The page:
by Dilpreet BhullarMar 23, 2022
Dave Shulman’s creative practice explores found materials, sound, and immersive experiences as modes to create works that can best be described as embodied expressions. To the artist, however, he is first and foremost a musician. Talking about the winding journey (a fact he credits to his neurodivergence) that makes up the bulk of his artistic career and creative research, Shulman says, “I will always consider myself to be an improvising musician. Having trained as a jazz saxophonist and clarinet player some 20 years ago, which I see now as more of a kind of artisan skill set, the creative ‘fine art’ or visual art practice I developed alongside my musical playing career gradually became more immersive and research-oriented. That’s when I really got interested in found sounds, or more accurately, found energy (converted into sound and other sensory modes).” For Shulman, improvisation has always been part of his evolving process and practice, feeding into and impressing on his creative body of work, it was a kind of habit that developed from his skills as a musical improvisor finding their way into other avenues of his creative expressions.
Process in fact seems to be central to Shulman’s work, the nuance with which his creative vocabulary is built being almost as important as the output itself. “Processes are always involved in a creative act and making them visible by exposing the underlying methods of making can give a ‘criticality’ and add a sort of reflexivity to the creative practise,” explains the visual artist. He continues to add, “The technology that we consume has a tendency to make invisible the messiness and chaos of reality and existence by making things smooth and shiny and hiding or ‘black-boxing’ the underlying complexity. I am interested in showing the unseen processes not only in how an assemblage for collecting sounds and information is constructed, which in itself is designed to detect unseen electromagnetic processes, but in the experience or ‘embodied’ expression as you mentioned earlier of the work, it may also contain auto-ethnographical information which relates to the by which it was made.”
What Shulman shows through his work is the entangled nature of things, relating also to psychological concepts of synchronicity and the re-evaluation of casual relations that are so intrinsic in our experiences that we often take them for granted. Examining the ways in which one re-thinks this idea of casual relation, especially in the context of the act of creation and making is intriguing to the artist, as many creatives do in fact sometime speak of those delirious experiences where the work makes itself, coming together in an assemblage, performance, or as an artefact. “I don’t know if the idea of sculpting a work as a process of ‘revealing’ its identity as opposed to the mind over matter way of thinking is particularly new. This is largely a poetic way of framing the situation. The thinking through making idea proposed by Tim Ingold,” the artist says, “also implies that the objects and tools involved in the process also have their own kind of agency, implying a kind of partnership or collaboration between the maker and their tools and materials as opposed to a master artisan type view. This indicates the material or tools are less passive and the maker less active than traditionally conceived of.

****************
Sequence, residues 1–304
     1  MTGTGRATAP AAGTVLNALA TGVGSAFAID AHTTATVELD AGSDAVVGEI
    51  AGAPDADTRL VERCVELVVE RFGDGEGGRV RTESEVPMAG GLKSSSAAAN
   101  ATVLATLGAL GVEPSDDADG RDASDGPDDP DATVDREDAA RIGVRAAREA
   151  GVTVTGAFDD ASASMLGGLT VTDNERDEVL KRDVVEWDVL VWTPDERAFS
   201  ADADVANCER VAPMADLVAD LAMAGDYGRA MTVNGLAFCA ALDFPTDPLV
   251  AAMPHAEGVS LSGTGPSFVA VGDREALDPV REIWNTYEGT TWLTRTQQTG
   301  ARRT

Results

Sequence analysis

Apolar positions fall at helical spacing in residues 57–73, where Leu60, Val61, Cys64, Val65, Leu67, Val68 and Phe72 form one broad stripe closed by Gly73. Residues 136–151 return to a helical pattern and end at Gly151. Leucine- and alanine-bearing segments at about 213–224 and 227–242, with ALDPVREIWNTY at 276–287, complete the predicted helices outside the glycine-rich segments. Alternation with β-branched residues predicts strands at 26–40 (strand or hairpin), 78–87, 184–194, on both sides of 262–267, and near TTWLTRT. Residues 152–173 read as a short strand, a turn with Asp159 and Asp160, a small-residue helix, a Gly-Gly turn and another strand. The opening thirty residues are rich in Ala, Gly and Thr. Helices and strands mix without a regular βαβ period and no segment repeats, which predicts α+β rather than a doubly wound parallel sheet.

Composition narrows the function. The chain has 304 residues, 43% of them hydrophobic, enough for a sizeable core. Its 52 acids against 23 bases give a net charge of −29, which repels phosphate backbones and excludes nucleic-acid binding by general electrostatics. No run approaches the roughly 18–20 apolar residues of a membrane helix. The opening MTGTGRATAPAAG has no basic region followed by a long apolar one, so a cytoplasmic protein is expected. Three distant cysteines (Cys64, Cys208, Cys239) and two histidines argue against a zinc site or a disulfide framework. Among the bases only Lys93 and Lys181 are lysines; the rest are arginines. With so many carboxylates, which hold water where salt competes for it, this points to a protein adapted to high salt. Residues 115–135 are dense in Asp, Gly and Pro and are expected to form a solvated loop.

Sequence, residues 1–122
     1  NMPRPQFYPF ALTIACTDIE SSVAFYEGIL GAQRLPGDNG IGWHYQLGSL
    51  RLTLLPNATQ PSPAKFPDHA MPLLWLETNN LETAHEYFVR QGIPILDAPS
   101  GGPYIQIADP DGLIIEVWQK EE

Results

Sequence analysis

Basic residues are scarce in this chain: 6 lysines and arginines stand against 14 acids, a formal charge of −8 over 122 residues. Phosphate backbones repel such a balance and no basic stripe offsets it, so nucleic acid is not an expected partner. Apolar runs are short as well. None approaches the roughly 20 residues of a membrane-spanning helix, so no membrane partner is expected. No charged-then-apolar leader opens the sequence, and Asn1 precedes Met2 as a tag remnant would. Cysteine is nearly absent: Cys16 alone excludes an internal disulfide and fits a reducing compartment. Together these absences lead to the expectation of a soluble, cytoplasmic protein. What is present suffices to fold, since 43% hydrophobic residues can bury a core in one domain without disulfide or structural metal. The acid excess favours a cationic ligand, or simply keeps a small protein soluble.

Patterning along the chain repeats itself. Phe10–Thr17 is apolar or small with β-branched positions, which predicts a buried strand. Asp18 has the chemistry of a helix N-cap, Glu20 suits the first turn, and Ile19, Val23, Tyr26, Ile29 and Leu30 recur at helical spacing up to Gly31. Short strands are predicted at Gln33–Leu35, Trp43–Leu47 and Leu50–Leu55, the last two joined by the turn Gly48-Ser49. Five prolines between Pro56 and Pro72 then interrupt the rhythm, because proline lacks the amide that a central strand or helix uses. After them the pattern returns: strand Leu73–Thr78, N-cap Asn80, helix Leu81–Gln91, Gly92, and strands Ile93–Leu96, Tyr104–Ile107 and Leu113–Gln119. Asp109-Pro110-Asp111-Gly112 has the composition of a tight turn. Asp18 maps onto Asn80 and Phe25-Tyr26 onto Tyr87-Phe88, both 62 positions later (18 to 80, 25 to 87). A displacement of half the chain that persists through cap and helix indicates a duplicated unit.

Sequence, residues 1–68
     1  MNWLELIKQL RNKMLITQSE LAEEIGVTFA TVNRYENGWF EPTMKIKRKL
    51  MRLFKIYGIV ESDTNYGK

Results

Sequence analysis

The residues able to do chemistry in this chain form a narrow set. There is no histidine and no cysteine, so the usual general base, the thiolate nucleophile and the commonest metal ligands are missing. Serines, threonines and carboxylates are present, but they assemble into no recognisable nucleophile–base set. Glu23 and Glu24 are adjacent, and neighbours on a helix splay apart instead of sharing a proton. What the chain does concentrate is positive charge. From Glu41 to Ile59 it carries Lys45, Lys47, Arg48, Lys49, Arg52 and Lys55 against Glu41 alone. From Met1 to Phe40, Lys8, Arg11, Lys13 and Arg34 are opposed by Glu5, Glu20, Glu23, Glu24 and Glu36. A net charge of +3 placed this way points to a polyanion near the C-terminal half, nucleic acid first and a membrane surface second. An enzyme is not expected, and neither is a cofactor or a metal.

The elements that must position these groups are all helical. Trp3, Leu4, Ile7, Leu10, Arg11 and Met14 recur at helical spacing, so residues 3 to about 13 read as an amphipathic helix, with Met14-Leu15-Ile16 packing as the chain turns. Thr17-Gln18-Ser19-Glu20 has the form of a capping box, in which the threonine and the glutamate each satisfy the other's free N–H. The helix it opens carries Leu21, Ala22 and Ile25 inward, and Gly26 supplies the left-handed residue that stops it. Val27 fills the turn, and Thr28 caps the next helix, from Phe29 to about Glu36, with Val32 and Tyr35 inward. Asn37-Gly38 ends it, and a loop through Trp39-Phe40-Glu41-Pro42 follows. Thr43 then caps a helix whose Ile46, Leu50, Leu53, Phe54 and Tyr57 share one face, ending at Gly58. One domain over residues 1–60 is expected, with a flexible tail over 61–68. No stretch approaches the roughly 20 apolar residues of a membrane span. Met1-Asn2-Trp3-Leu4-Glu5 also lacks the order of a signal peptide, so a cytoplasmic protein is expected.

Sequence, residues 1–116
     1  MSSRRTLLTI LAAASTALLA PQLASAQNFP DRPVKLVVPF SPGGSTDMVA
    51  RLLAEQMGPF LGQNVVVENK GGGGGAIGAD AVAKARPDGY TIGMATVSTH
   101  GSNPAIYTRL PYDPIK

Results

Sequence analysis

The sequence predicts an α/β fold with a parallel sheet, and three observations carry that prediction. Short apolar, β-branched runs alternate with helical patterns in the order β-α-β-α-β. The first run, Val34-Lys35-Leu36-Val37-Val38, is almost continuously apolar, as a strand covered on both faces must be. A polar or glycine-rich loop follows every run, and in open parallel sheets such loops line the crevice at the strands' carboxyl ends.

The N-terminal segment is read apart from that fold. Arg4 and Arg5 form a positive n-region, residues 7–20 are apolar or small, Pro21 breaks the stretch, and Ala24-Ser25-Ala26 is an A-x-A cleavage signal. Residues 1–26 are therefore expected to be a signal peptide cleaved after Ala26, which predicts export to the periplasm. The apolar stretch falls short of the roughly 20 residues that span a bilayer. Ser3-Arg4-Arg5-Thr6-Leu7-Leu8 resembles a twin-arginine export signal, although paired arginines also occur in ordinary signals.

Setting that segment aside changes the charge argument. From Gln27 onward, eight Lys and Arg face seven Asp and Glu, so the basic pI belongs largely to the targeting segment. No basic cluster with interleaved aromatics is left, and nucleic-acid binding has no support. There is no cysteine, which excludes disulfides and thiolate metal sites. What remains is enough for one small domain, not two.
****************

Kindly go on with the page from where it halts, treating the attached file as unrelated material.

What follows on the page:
However, if you expand this kind of thinking by keeping in mind that our common sense notion of the linearity of time is largely inaccurate, you can begin to conceive of the revelatory conception of making as no longer merely poetic. Being open to improvising, prepared to embrace the unforeseen in our making, using found objects, happenstance and intuition.”
Shulman is interested in creative agency through utilising technologies in novel, unconventional, and unorthodox ways. An example is his piece that super-imposes grids with wave oscillation over equirectangular 360-degree video footage. Explaining how often times the level of technical fluency in a certain type of software one needs to realise a project cannot be developed as swiftly, requiring a certain degree of artistic improvisation, a skill-set that Shulman is certainly comfortable with. The unconventional ‘adhocism’ itself becomes a creative act that defines the piece as can be seen here. This is in no way to say that these skills cannot be refined and honed over time, but that the unorthodoxy of their use matched with the high-production values and skill sets of previously mastered technologies all come together to create a tension that often can be the really interesting aspect of the work. Shulman’s work intrinsically binds together aspects of making and documenting as it pertains to the capturing a historicity or social time, it’s an entangled reality that uses a 360-degree camera to collect footage that is further woven into an assemblage for capturing sound and image. “It comes back to our sense of agency by using what is available in the current infrastructure,” says the artist, “for making art and documenting research in a post-digital age.” This March, Shulman will be presenting his research at IRCAM forum workshops in Paris, showing a multichannel sound and video installation, which is a way for him to merge the research intrinsic aspect of his practise with the performative.